‘LKG’ review: Neither funny nor boring

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The problem with LKG is that it can hardly be viewed as a film, but a culmination of video memes and trolls on the political developments in the State.

Lalgudi Karuppaiah Gandhi aka LKG despises his politician-father (played by Nanjil Sampath). He doesn’t want to end up like his dad, who devoted all his life to ‘serving’ party leaders. Working as a ward councillor in Lalgudi, LKG is a practical politician. He idolises cult political figures like Nagaraja Cholan from Amaithipadai and Aranganathan from Mudhalvan. Instead of being a responsible citizen, he prefers to live the life of economic offenders like Vijay Mallya and Nirav Modi. LKG roams Lalgudi in his black shirt and saffron veshti. When a character asks if he’s a believer, he shoots back sarcastically: “It’s to strike a balance between Dravidianism and Hindutva.” The film, in several ways, is like Balaji’s costume — it’s partly funny and mostly dull. Balaji (who has also written the film) wisely chooses incidents that ensure a roaring cheer from the audience. Take the opening scene for instance: it begins with the Chief Minister’s swearing-in ceremony. During the function, a swamiji sits through the ‘Tamizh Thai Vazhthu’, inviting strong criticism. On the same stage, the Governor can be seen winking at a lady. The scene instantly reminds you of similar political incidents, and connects with the masses.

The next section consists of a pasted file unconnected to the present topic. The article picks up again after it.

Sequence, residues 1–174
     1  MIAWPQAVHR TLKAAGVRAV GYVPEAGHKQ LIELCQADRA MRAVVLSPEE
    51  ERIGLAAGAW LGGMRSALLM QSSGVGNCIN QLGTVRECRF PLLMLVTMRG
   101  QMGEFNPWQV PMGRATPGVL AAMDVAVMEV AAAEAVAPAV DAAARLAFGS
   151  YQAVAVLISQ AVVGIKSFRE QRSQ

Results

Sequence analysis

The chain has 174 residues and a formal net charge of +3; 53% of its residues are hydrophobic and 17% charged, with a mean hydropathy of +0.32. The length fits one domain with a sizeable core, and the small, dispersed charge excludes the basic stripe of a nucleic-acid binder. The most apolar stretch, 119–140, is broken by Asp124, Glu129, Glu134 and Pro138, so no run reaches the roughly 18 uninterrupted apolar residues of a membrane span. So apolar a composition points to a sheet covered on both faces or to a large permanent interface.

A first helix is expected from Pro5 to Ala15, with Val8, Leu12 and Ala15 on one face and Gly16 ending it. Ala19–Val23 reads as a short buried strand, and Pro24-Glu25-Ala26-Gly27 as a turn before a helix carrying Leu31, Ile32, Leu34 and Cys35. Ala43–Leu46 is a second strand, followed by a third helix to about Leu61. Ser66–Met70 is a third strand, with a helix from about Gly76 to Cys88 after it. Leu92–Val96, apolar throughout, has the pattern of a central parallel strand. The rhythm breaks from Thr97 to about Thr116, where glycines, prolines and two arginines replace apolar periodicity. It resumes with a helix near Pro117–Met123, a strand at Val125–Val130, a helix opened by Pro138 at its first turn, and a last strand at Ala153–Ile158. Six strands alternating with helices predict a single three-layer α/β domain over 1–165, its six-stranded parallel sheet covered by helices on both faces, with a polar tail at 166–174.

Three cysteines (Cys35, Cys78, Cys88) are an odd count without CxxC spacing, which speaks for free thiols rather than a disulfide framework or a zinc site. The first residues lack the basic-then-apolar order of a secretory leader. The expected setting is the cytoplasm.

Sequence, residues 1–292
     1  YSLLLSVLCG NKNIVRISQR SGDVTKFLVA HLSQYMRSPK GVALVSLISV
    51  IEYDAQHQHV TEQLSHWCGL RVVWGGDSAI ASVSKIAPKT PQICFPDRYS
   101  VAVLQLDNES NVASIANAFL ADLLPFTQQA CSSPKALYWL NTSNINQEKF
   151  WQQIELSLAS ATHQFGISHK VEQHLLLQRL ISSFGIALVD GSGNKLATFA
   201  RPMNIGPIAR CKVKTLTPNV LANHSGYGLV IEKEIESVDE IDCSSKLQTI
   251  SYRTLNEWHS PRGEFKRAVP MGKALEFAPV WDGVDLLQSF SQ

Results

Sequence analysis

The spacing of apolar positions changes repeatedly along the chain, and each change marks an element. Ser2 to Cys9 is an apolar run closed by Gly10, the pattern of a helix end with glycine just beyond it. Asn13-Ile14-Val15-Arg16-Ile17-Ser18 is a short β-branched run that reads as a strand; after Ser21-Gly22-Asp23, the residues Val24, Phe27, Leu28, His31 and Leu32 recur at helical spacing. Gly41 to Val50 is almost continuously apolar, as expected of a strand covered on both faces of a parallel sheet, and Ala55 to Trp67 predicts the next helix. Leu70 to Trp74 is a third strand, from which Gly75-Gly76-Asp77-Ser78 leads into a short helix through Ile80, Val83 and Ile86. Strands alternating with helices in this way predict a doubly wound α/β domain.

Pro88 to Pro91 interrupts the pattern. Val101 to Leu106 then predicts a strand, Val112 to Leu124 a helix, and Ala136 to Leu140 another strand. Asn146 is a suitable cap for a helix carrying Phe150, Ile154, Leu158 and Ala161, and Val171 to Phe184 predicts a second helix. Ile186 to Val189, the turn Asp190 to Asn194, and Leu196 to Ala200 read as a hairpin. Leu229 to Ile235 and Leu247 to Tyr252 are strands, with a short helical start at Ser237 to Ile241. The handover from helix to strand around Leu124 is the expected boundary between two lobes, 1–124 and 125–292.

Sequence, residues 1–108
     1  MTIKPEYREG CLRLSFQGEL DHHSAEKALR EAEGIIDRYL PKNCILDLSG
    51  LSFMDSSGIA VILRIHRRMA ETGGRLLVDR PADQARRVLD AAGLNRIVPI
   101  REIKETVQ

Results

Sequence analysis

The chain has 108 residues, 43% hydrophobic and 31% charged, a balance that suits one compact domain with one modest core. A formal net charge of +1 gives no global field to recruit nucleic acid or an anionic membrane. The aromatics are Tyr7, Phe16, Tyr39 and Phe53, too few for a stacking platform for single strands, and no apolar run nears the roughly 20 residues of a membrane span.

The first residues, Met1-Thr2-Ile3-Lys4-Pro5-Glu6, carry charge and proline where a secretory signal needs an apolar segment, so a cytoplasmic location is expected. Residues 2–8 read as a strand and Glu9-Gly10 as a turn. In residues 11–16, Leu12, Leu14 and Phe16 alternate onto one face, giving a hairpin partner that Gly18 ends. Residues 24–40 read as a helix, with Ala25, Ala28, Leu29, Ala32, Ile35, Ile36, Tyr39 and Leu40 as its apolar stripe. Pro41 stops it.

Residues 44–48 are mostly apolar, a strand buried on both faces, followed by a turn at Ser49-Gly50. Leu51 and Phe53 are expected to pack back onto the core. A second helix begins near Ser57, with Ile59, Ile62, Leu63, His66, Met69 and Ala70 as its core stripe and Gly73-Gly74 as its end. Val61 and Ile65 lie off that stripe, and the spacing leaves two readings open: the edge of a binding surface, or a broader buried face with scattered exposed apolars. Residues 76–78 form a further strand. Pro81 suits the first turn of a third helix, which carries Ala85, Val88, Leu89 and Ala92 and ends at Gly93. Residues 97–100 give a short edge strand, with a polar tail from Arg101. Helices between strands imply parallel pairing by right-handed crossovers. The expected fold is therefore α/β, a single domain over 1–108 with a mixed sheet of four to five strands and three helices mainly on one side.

• Cast: RJ Balaji, Priya Anand, JK Rithesh and Nanjil Sampath
  • Director: KR Prabhu
  • Storyline: A ward councillor aspires to become the Chief Minister of the State

Sadly, the gags become repetitive after a point and give you a sense of claustrophobia. A deliberate effort has gone into the script to paint the media with shades of grey. But, the jokes work, as is obvious from a television debate scene. The panellists debate on LKG’s protest against ‘disease’, which is a sly take on jallikattu. One of the panellists, out of nowhere, starts singing ‘Selaila veedu kattava,’ to make his point. It is a scream and the crowd goes nuts. There’s an even better one where LKG and Co. make a spoof of popular TV ads. I wish it had more such inventive bits. J.K. Ritesh makes a grand appearance after the one-hour mark. It’s supposed to be a mass entry, but ends up being thamassu. The mood completely changes in the second half and you begin to care less about the film. Priya Anand makes a fleeting presence as Sarala Munuswamy, who works with Election Data Services.

The problem with LKG is that it can hardly be viewed as a film, but a culmination of video memes and trolls on the political developments in the State. The intent — to write a political satire — is appreciable, but not the writing.

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